One open study of 80 patients with renal failure undergoing haemodialysis found that 1350 mg of chitosan taken three times daily effectively reduced total serum cholesterol levels (from 10.14 ± 4.40 mmol/Lto 5.82 ± 2.19 mmol/L)and increased serum haemoglobin levels (from 58.2 ±12.1 g/L to 68 ± 9.0 g/L) (Jing et al 1997). After 4 weeks, significant reductions in serum urea and creatinine levels were observed. After 12 weeks, patients reported subjective improvements, such as feeling physically stronger, increased appetite and improved sleep, which were also significantly greater than the placebo group. Importantly, during the treatment period, no clinically problematic symptoms were observed.
WOUND HEALING — TOPICAL USE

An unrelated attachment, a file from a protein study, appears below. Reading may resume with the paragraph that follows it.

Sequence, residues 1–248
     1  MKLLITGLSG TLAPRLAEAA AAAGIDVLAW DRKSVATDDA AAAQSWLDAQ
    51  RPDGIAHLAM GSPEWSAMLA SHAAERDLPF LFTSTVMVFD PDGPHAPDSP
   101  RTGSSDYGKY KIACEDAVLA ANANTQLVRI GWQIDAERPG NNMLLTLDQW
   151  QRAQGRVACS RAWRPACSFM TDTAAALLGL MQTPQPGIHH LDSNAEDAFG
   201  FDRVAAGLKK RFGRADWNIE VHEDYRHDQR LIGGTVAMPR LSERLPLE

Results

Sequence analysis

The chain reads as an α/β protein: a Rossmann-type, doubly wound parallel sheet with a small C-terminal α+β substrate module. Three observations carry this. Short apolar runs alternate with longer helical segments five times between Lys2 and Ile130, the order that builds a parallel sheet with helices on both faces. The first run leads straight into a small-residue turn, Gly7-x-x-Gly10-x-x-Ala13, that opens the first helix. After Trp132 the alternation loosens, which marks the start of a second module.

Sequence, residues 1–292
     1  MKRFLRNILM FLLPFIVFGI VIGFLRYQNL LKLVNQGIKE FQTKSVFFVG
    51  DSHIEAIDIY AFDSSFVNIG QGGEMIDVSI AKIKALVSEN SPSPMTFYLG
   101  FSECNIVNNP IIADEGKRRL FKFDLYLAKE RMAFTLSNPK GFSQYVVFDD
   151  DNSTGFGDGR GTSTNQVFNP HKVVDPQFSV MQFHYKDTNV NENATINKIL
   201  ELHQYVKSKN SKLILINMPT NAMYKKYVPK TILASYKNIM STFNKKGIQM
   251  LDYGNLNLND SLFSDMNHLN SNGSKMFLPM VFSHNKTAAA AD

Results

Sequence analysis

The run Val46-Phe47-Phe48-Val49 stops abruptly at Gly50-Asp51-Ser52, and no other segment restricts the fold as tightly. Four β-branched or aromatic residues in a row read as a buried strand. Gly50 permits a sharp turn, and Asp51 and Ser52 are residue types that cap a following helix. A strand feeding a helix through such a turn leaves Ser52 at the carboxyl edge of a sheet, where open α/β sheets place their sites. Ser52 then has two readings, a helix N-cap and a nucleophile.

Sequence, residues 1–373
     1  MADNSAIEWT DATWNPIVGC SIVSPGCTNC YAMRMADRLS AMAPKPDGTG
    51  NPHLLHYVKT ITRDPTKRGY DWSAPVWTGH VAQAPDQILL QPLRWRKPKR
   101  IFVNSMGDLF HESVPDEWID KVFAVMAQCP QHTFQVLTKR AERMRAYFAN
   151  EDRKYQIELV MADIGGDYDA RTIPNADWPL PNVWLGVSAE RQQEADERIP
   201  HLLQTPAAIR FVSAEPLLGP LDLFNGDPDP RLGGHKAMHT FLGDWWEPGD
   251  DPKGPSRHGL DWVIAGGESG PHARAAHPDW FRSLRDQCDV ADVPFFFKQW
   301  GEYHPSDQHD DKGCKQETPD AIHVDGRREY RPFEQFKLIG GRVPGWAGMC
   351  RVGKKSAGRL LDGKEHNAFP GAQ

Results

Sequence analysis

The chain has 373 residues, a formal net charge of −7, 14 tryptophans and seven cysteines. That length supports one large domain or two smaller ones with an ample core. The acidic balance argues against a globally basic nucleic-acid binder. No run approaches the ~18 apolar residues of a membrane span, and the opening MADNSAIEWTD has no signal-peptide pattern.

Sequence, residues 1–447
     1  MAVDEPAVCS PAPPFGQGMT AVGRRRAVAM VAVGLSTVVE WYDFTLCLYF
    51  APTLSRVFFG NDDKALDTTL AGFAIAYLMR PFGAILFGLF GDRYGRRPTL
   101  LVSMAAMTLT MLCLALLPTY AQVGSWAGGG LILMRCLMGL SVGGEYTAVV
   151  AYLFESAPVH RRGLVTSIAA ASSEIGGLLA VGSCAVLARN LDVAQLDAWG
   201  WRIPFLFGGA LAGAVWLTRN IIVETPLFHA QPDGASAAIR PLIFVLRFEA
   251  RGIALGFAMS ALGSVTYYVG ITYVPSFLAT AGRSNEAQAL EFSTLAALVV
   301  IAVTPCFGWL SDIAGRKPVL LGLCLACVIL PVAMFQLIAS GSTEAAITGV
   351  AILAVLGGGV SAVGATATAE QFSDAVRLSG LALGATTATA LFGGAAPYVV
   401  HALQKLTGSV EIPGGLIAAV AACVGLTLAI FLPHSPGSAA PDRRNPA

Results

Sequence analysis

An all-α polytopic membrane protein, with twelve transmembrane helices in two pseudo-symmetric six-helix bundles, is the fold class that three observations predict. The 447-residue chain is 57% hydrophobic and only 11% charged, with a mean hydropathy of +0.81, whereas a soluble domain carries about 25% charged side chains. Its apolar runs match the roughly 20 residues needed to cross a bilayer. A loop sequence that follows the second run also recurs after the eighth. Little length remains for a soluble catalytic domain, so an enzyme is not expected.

Chitosan is applied to burns and wound dressings in the form of films, bandages, cotton-like materials, and non-woven napkins. These dressings have good hydro-scopicity, show high bacteriostatic effect, and are completely biodegradable in the human body. Another significant advantage is that repeated dressings are usually not needed (Synowiecki et al 2003). Topical application of chitosan enhances wound healing and has been used to promote donor-site tissue regeneration in plastic surgery. Its use is supported by findings that indicate chitosan accelerates the reformation of connective tissue (Ueno et al 2001).
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